Hideki Irabu, one of the first players to leave the Japanese leagues for the Major Leagues and who famously drew the ire of George Steinbrenner during his three seasons with the Yankees, was found dead Wednesday.

"He was found dead by an apparent suicide," Sgt. Michael Arriaga of the Los Angeles County Sherriff's Department told The Associated Press on Thursday.

Irabu, 42, was found in a home in the Los Angeles suburb of Rancho Palos Verdes. He lived in Rancho Palos Verdes, Arriaga said, but it was not immediately clear whether it was his home.

"We are deeply saddened to learn of the passing of Hideki Irabu. Every player that wears the pinstripes is forever a part of the Yankees family, and his death is felt throughout our organization," read a statement issued by the Yankees. "Our sympathies and support go out to his wife, Kyonsu, his two children, and all of his friends and loved ones."

The right-handed pitcher, renowned as a strikeout pitcher with a fastball in the upper-90s during his nine seasons, 1988-96, in Japan's Pacific League, signed a four-year, $12.8 million contract with the Yankees in May 1997 after forcing a trade from the Padres, who had purchased his rights from the Chiba Lotte Marines.

Irabu refused to join San Diego, saying he would only play for the Yankees. Those events led to the creation of the posting system currently utilized by Japanese players who wish to move to the Major Leagues before being eligible for free agency.

Though he went 24-16 in 1998-99, his two full seasons with the Yankees, Irabu was an enigmatic figure because of his actions, weight issues and inconsistencies on the field and off, as well as the high expectations of him based on his success in Japan.

When he failed to cover first base on a ground ball during a Spring Training game in 1999, an angered Steinbrenner called him a "fat toad" and refused to let him go with the team to Los Angeles for its final exhibition games. The Yankees owner later relented.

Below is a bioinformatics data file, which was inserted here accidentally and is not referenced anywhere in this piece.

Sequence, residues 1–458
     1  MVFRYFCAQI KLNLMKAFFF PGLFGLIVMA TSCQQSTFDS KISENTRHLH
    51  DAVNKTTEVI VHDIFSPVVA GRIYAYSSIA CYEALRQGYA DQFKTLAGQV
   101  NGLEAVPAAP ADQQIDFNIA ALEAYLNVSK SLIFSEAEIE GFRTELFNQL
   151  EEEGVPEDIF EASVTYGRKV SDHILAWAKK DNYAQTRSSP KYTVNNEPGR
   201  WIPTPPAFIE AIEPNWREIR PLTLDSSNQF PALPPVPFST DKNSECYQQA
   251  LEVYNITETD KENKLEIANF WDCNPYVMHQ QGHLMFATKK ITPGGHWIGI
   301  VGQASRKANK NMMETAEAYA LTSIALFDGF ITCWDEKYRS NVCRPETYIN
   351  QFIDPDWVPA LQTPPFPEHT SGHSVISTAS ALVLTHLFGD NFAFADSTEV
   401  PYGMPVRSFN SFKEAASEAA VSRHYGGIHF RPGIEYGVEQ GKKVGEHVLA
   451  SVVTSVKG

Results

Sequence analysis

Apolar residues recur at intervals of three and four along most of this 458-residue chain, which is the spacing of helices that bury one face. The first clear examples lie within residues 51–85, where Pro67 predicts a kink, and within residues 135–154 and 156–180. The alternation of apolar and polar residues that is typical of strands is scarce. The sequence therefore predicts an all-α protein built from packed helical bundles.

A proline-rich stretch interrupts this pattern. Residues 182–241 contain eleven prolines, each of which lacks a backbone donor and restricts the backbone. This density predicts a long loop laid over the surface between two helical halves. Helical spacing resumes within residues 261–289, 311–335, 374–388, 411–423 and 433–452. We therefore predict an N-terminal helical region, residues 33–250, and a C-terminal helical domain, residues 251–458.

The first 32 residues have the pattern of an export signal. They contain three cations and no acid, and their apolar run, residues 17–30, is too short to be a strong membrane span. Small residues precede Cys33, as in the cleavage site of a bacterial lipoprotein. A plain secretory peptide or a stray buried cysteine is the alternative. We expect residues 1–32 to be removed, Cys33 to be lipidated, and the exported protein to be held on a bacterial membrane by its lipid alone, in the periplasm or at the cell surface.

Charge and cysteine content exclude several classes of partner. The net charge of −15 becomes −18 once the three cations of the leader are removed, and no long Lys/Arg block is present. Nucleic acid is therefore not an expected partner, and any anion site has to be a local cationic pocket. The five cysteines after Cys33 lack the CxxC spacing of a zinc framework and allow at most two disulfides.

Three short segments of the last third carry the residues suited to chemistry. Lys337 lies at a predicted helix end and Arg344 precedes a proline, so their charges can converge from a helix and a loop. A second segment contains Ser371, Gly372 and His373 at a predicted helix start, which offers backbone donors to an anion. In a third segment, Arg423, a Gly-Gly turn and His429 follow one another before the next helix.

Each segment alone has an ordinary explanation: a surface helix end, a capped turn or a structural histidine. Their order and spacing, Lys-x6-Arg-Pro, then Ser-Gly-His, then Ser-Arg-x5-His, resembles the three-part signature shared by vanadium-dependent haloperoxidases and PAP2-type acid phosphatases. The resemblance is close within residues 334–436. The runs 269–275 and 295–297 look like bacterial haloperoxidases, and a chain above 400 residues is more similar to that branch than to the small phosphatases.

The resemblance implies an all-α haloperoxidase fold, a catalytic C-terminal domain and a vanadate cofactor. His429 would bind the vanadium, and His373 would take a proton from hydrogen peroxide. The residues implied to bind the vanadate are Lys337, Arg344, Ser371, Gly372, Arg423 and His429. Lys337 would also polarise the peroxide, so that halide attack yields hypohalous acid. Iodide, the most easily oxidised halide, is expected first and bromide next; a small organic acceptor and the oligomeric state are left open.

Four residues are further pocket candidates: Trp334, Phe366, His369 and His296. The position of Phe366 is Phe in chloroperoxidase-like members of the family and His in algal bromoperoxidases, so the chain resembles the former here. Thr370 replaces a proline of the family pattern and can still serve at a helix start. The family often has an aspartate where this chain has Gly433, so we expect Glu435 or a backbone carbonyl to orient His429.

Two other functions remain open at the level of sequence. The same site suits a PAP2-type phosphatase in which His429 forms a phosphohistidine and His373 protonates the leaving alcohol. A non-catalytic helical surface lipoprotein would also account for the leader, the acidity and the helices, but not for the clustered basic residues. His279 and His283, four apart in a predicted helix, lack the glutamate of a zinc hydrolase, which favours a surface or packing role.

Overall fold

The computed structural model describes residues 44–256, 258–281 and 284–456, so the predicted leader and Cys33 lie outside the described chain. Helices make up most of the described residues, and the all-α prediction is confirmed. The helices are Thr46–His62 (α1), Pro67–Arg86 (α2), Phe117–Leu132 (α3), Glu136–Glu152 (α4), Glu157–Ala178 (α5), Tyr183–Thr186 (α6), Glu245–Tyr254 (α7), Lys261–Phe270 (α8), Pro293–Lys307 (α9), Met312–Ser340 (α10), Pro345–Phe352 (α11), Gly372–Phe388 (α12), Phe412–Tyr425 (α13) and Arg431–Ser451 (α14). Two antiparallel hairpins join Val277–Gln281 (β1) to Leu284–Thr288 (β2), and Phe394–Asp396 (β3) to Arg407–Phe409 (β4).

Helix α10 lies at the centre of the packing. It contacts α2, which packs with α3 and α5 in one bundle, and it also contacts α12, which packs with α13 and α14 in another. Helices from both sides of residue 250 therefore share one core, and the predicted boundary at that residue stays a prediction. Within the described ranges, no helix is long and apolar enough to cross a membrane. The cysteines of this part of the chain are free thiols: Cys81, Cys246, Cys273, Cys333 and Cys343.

Irabu was the subject of a comedic line in the final episode of "Seinfeld" in 1998. As Steinbrenner's character is testifying on a witness stand, Frank Costanza, played by Jerry Stiller, stands up and shouts, "How could you spend $12 million on Hideki Irabu?"

Irabu pitched in only one postseason game for the Yankees, who won the World Series in 1998-99, allowing eight runs in 4 2/3 relief innings in a 13-1 loss to the Red Sox in the 1999 American League Championship Series. It was his last appearance for the Yankees, who traded him to the Expos after the season.

He made only 11 starts for Montreal in 2000, going 2-5 with a 7.24 ERA, and was released after pitching in only three games in 2001. He finished his Major League career with the Rangers in 2002, pitching in 38 games and recording 16 saves. He returned to Japan and pitched for the Hanshin Tigers in 2003. He pitched for the Long Beach Armada of the independent Golden Baseball League in 2009.

Irabu twice was arrested in the past three years, once on the suspicion of assault at a bar in Japan and once for suspected DUI in California.